Supplementary Material for: Aging-Related Genes in Mesenchymal Stem Cells: A Mini-Review

2013-08-17T00:00:00Z (GMT) by Yu K.-R. Kang K.-S.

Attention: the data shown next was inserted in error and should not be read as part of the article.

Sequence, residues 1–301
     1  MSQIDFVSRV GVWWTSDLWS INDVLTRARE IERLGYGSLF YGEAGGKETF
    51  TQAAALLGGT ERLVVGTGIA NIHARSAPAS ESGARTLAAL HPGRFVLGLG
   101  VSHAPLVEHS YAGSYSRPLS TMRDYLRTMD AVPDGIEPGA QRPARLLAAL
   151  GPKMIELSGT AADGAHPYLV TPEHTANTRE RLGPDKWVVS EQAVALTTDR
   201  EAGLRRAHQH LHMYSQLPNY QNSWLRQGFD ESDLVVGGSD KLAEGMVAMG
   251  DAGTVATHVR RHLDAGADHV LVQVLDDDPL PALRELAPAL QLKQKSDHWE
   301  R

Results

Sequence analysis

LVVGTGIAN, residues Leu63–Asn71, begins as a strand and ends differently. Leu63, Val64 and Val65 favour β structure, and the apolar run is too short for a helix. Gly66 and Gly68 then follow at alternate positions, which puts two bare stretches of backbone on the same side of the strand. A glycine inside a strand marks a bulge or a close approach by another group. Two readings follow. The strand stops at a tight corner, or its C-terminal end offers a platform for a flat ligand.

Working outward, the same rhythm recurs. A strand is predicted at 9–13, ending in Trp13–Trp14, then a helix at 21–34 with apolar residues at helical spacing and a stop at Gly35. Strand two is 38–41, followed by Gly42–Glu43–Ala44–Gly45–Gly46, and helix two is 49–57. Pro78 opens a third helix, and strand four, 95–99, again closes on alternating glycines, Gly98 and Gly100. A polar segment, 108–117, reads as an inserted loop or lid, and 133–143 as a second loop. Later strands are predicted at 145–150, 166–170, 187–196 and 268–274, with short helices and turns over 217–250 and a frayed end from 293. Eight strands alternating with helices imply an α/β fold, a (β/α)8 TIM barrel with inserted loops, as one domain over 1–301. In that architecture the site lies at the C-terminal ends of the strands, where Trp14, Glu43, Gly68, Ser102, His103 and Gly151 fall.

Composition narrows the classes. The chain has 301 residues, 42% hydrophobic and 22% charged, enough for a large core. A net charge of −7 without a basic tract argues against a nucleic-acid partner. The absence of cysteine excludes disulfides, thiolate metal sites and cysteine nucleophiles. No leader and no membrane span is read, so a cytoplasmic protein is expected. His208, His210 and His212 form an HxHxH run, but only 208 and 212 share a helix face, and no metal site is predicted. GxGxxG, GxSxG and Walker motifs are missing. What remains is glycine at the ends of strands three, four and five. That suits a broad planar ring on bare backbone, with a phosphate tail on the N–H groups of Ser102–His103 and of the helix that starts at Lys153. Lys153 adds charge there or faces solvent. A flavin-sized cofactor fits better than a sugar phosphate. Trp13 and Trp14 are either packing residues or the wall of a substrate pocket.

Adult stem cells in mammalian organs play pivotal roles in the maintenance and repair of these organs throughout the life of the adult and maintain the proper homeostasis of a tissue or organ. Among the adult stem cells described to date, mesenchymal stem cells (MSCs) are highlighted for clinical applications because MSCs have many advantages for cell therapy, including multilineage differentiation, homing, immune modulation and wound-healing effects. However, as the aging of MSCs leads to an age-associated decline in their number and function, it is important to clarify the age-associated factors and regulatory mechanism associated with the MSC aging process. In this review, we amass and discuss the recent data related to age-associated genes in MSCs. In particular, the activities of epigenetic regulatory factors, including histone acetylase and DNA methyltransferase, modulate gene expression and crosstalk with each other during the MSC senescence process. p16INK4A and high-mobility group A2 play important age-associated roles in the regulation of MSC stemness, and lamin A- and prelamin A-dependent nuclear abnormalities have significant biological relevance in MSC aging. Taken together, the information described here, including the epigenetic regulatory factors, transcription factors and cell signaling, could be used toward the development of treatments for MSC aging and related defects.